In City speak, a ?fallen angel? is the term for a bond that was once highly rated but has since been downgraded to a ?junk? rating by credit agencies due to the parent company’s deteriorating outlook.
While the term ?fallen angel? originates from the credit markets, it can also be used to describe companies that were once market darlings but have since, for whatever reason, fallen from grace.
OneSavings Bank (LSE: OSB) is one such company. Until the end of June, OneSavings was championed as one of the challenger banks that would shake up the UK?s banking industry and since the…
In City speak, a ‘fallen angel’ is the term for a bond that was once highly rated but has since been downgraded to a ‘junk’ rating by credit agencies due to the parent company’s deteriorating outlook.
While the term ‘fallen angel’ originates from the credit markets, it can also be used to describe companies that were once market darlings but have since, for whatever reason, fallen from grace.
OneSavings Bank (LSE: OSB) is one such company. Until the end of June, OneSavings was championed as one of the challenger banks that would shake up the UK’s banking industry and since the company’s IPO at the beginning of 2014, shares in the bank returned more than 100% for investors. Over the same period, pre-tax profits tripled.
However, since Brexit investors have turned their backs on the challenger bank due to concerns about the UK’s economic outlook.
Since Brexit, shares in OneSavings are down by around 41%, a decline that seems to indicate investors believe the bank’s profits will be cut in half over the next six months.
The City doesn’t hold the same view. City analysts expect the group’s earnings per share to grow by 8% this year and a further 3% for 2017. Based on these forecasts shares in the bank are trading at a forward P/E of 5.4 and a PEG ratio of 0.7. The shares also offer a dividend yield of 4.6%.
Over-reaction to a profit warning?
Publisher ST Ives (LSE: SIV) is another fallen angel that has seen its share price cut in half over the past six months. St Ives’ poor share price performance followed a profit warning from the company.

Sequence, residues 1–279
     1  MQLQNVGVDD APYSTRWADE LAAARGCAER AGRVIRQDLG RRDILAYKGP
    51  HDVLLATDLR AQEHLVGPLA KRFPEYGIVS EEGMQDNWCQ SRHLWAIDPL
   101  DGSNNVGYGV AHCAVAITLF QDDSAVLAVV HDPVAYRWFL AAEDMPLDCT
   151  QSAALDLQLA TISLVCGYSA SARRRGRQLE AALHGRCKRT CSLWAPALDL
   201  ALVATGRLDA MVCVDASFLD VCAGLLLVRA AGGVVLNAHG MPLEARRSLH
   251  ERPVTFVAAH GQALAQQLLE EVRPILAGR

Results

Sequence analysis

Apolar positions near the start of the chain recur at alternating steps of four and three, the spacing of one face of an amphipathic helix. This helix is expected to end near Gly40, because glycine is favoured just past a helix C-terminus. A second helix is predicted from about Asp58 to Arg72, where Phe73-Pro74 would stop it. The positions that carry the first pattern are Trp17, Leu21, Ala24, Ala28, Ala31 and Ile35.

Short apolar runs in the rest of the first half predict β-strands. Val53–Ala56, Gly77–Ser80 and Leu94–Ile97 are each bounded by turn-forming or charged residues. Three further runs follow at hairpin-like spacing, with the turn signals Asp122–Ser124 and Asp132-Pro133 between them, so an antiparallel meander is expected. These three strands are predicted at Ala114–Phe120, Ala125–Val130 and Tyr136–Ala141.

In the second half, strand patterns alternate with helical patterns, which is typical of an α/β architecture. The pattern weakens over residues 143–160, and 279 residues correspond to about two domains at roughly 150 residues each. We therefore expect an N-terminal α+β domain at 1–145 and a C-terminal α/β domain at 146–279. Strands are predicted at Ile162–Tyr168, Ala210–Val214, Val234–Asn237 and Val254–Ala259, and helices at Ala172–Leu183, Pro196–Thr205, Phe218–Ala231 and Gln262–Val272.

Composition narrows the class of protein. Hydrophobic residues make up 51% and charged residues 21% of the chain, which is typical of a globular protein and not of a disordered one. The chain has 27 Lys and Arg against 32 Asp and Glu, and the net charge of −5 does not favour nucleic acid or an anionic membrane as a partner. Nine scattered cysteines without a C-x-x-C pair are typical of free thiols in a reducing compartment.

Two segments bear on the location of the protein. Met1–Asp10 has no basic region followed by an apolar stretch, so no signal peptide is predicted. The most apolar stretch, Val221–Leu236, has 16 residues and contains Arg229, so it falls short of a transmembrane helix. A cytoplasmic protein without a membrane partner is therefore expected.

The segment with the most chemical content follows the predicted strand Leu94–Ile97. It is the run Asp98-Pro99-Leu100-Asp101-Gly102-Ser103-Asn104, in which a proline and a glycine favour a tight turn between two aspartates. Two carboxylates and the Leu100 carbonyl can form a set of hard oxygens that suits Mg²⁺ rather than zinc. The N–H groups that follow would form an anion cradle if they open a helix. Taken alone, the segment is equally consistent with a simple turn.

This warning came just as the group’s profits were expected to stabilise this year after nearly a decade of restructuring. Up until the warning City analysts were expecting the company to report a pre-tax profit of £37.4m for the year ending 31 July. Between 2011 and 2015 the group only reported unadjusted cumulative pre-tax profits of £49.4m.
Nonetheless, current City figures suggest St Ives is set to report earnings per share of 17.2p for the year to 31 July 2016, indicating that the company’s shares currently trade at a forward P/E of 6.4, a rock bottom valuation that seems to discount any further disappointments.
A play on oil prices
Amec Foster Wheeler (LSE: AMFW) is a casualty of the oil price crash. Shares in the company are down by 45% over the past 12 months. After these declines Amec’s shares are trading at a forward P/E of 8.1, City analysts expect the company’s earnings per share to fall by 19% this year before stabilising next year. Amec’s shares support a dividend yield of 5%, and the company has a relatively strong balance sheet.
If you’re looking for a way to play a recovery in oil prices Amec could be a great pick. The company is still winning contracts in the oil sector, and two major long-term contracts in the North Sea were awarded to the group last month. Amec’s order backlog was £6.4bn at the end of March, giving just over a year’s worth of work at current run rates. Management expects revenue to register only a ‘slight’ decline for 2016 and is planning to reduce debt to £600m from the current level of £1.2bn by the end of 2017 through improved cash flow and select asset disposals.
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Rupert Hargreaves has no position in any shares mentioned. The Motley Fool UK has no position in any of the shares mentioned. We Fools don't all hold the same opinions, but we all believe that considering a diverse range of insights makes us better investors.